Ripe tomatoes and long hot days always arrive in tandem in our gardens but itâ€™s so nice to have those fresh rewards as the heat gets more difficult to deal with.
No doubt the plants you so lovingly started in the spring are feeling the heat too. While thatâ€™s as it should be itâ€™s often difficult to watch perfectly green perky plants transform into leggy, somewhat yellowing piles of leaves and stems. Inevitable, yes, but that decline can, in many areas of the country, announce the opportunity of a second growing — and harvesting â€“ season. If you live in the south (SoCal included) and want to extend your season for as long as you can itâ€™s time to get started.
In the garden world the end of the season is a mirror image of the beginning of the spring season. Tomato plants installed in spring at the cusp of the season grow fast and early season varieties will flower in temps that are warming but remain lower and less consistent than those in the summer. They thrive in days that are getting progressively longer. In the summer the temps are optimal at planting time so growth is not a problem but that soon changes as fall arrives and temps begin to go down. What we hope to do is time the planting so that those mid-range temps last long enough to host a good harvest on both ends of the season.
The simplest way to jumpstart your fall season is to reinvigorate your existing plants. While this is not always 100% successful itâ€™s perhaps the quickest and easiest route if you can make it happen. Larger varieties that have yielded well may surprise you with a successful last push but youâ€™ll generally be most successful urging on the short season varieties. (Voila! Yet ANOTHER
reason to plant early tomatoes!)
You remember those right? Early Girl, Stupice (our 2009 Derby winner), Jenny, Champion, Matina, Oregon Spring, Manitoba, etc. Yes, Early Girl (and friends) can perform well in the garden late in the season. The key to the success of this group is that they will flower and fruit in cooler temperatures.
Ok, so back to the kickstart and those large plants. Chop the top off. Thatâ€™s right. Take half the plant right off the top. If the plant is really large cut off more. All that should remain is a two foot base. Leave any new smaller leaf growth on the plant but remove leaves and growth thatâ€™s yellowed or tired. If the plant is huge and you have lots of heavy stems at the base remove some of those as well. Youâ€™re trying to concentrate the energy of the plant so thatâ€™s best. Some green is necessary so the plant can feed itself and get back on track so be sure not to remove all the leaves.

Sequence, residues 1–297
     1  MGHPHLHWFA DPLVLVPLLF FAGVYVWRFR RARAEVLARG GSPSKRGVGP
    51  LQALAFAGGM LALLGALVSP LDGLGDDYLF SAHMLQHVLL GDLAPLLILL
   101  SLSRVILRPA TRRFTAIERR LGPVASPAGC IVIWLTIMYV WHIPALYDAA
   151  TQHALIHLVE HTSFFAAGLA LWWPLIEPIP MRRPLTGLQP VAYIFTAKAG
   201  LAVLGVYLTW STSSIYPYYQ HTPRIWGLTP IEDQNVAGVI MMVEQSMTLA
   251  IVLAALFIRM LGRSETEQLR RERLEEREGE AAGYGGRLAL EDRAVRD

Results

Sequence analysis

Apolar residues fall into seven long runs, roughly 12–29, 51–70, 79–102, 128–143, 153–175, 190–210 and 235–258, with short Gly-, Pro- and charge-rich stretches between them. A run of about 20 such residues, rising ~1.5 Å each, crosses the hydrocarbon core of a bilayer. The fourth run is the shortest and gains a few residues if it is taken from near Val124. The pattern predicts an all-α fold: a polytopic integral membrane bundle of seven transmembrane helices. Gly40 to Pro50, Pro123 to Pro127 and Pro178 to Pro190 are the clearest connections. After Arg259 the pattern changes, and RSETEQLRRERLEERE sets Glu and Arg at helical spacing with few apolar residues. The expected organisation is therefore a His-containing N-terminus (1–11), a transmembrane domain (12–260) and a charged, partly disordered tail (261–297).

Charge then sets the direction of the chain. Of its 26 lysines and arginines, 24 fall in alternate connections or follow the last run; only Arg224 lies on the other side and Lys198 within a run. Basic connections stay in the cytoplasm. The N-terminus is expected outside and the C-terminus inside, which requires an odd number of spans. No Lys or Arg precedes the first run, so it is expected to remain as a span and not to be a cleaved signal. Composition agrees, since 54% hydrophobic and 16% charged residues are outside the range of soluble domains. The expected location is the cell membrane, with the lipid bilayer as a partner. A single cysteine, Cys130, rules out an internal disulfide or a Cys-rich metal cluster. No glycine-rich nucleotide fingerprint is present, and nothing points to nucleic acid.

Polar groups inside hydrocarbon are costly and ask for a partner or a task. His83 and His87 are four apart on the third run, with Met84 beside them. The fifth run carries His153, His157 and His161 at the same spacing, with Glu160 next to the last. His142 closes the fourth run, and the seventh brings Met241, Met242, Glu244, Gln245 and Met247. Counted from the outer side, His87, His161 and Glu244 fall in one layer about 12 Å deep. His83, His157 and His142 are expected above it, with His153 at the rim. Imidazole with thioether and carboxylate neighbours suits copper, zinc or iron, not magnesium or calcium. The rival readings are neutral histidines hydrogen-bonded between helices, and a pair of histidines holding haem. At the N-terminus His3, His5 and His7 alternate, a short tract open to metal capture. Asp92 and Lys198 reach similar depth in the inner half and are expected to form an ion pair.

The first step in this renaissance is more green growth. (Youâ€™re truly returning to beginning-of-the-season tactics) Soak the plant well with a high nitrogen liquid fertilizer like fish emulsion or kelp liquid. Youâ€™ll dilute the concentrate with water per the directions and soak the ground or the container thoroughly. Repeat that the next three times you water.
After the third time and a week or so goes by apply a fully balanced veggie fertilizer. Fertilizing more in the fall speeds up plant growth and the flowering.cycle. You want that at this time of the year so fertilize every 14 days. If you see quick green growth (and you should) youâ€™re on your way. Mulch around the plant or at the top of the container with a rich compost mix for an extra push of great nutrients.
Planting sturdy new seedlings is an obvious strategy for the fall season and they can be found in many nurseries right now. The truly good retailers will have a large selection of the early varieties.
Another way to get started would be to make your own seedlings from cuttings. Itâ€™s a bit late now but if you get a jump on this whole exercise next summer you can take cuttings of your existing healthy plants, soak those stems in water for a week to start new root growth and then plant those out. Layering is the same idea but happens in the garden. At midseason bury the stem of one of those rangy side branches that are everywhere as the plant grows. Roots will grow on the buried section and you can soon cut it from the mother plant and site it where you want to for the fall season.
As you do all of the above pay attention to the site of your second season garden, taking note of stretching shadows that may interrupt valuable sunshine in the fall and early winter. Containers might be moved in some gardens for best results. Have a light colored south facing wall handy?
Give it a go this year and good luck! Suddenly Iâ€™m having a huge sense of dÃ©jÃ vu. How wonderful!
For our friends on the east coast, condolences on your challenging season. Late blight has severely limited tomato harvests, championed by cooler temps and LOTS of rain. We know some of you are still having success and weâ€™re so happy about that. For the rest of you, thereâ€™s always next year so hang in there!